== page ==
The use of plants and herbs to treat human maladies dates back thousands of years and yet the mystery remains as to how the ancients were able to discover the myriad of uses for plants to treat human maladies. However this knowledge was derived, there is a time-honored tradition for the use of herbal remedies in Peru and all of South America.
In this blog post, we’ll take a brief look at three medicinal plants native to the Amazon region of Peru and discuss their uses. Think of this as part of your Amazon vacation primer.
Sangre de Grado
Sangre de Grado (Croton Lechieri) is a tree that grows in the Amazon region of Peru, Ecuador and Colombia; it has the common English name of Dragon’s Blood. Its dark red latex (liquid sap) is used to close wounds, forming a barrier almost like a second skin, when applied to the injured area. It is also used to treat stomach ulcers, bleeding gums, bone fractures, insect bites and other skin conditions, and is taken internally for diarrhea. Its earliest recorded use dates from the 1600’s, but of course indigenous people used it centuries prior to this.
Uña de Gato
Uña de gato, or Cat’s claw (Uncaria tomentosa) is a climbing plant native to the Amazon region of Peru. A related species, Uncaria guianensis, is often confused with U.tomentosa. The two plants have different uses in alternative medicine, but the more heavily researched is U. tomentosa. It has been used as a general immune stimulant, to treat arthritic conditions by reducing pain and inflammation, and to treat exhaustion due to stress. It is under study for the treatment of serious illnesses like cancer and AIDS. Dr. Fernando Cabieses, a well-known neurologist from Lima, has written a book on the current research being conducted on this plant, entitled The Saga of the Cat’s Claw.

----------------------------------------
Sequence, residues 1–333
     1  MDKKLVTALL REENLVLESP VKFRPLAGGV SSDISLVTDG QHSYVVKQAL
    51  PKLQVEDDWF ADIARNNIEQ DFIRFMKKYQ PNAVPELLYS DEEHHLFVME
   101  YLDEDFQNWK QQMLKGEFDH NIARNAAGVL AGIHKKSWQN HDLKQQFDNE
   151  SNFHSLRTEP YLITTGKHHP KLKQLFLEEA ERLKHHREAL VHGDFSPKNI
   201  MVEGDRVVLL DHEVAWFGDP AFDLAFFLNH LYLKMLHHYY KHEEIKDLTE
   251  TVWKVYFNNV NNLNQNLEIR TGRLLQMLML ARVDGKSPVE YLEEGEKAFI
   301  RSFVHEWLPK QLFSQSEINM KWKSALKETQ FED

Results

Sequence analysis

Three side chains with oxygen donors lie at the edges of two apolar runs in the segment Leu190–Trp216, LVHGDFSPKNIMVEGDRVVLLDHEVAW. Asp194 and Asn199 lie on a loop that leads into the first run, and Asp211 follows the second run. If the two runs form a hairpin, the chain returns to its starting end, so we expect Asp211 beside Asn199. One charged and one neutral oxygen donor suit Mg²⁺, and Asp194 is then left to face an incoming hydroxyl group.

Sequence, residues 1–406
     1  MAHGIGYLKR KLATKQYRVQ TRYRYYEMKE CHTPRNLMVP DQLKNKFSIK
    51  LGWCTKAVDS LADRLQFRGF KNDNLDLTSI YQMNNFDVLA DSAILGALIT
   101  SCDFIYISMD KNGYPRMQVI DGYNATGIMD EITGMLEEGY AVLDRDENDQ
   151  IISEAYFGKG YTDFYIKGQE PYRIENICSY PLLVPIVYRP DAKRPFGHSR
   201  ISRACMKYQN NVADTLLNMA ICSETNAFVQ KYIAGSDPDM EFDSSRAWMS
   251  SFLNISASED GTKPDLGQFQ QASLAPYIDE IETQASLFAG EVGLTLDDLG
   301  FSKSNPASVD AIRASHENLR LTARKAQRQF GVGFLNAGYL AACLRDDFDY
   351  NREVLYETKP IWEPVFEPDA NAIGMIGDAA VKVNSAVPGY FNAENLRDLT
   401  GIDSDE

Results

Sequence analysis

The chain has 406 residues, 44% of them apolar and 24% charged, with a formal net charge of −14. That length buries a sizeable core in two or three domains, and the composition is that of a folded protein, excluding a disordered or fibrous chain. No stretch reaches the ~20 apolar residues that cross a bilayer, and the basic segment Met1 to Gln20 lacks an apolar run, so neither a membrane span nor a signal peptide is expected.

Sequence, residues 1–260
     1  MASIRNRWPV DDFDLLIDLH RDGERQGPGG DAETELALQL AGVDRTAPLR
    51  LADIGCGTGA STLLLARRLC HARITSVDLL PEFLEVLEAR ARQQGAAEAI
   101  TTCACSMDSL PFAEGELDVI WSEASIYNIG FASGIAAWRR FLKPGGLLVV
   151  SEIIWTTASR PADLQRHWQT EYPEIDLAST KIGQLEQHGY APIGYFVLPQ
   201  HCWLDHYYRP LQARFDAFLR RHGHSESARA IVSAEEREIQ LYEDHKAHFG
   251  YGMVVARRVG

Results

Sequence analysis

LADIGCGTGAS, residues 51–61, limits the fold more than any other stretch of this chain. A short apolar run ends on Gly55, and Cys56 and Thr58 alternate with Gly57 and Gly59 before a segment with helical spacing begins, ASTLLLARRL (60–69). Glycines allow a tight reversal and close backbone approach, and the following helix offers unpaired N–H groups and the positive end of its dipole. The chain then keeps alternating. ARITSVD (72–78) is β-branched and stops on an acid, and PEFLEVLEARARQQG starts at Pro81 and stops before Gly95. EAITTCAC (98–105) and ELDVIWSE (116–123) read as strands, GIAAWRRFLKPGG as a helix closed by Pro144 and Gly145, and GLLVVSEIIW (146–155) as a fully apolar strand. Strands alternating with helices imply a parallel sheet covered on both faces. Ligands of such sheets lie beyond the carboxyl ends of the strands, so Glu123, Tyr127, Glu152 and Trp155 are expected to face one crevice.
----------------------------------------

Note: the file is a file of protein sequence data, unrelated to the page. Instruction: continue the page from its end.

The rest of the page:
Ajo Sacha (Mansoa Alliacea) meaning “false garlic” is an evergreen shrub that is native to the rainforests of Peru, Brazil, Ecuador, the Guyanas and Costa Rica. It is especially abundant in the Madre de Dios and Ucayali Rivers in the Peruvian Amazon. It tastes and smells like garlic. It is used to reduce pain and inflammation, as a muscle relaxant and fever reducer and in the treatment of colds, flus and viruses. It is also considered to be a magical plant that is capable of repelling evil spirits, and is sometimes used in ayahuasca brews as an adjunct ingredient.
The Importance of the Amazon Rainforest
There are thousands upon thousands of unidentified plants in the Amazon region of Peru whose uses for humans have not yet been discovered. This is only one important reason that preserving the biodiversity of the Amazon Rainforest is crucial for human life on this planet.
Your personal Amazon guide will be able to share more with you on the plants and herbs of the Peruvian Amazon during your private Peru vacation. Contact a Kuoda Travel Designer today to begin planning your once-in-a-lifetime trip to Peru.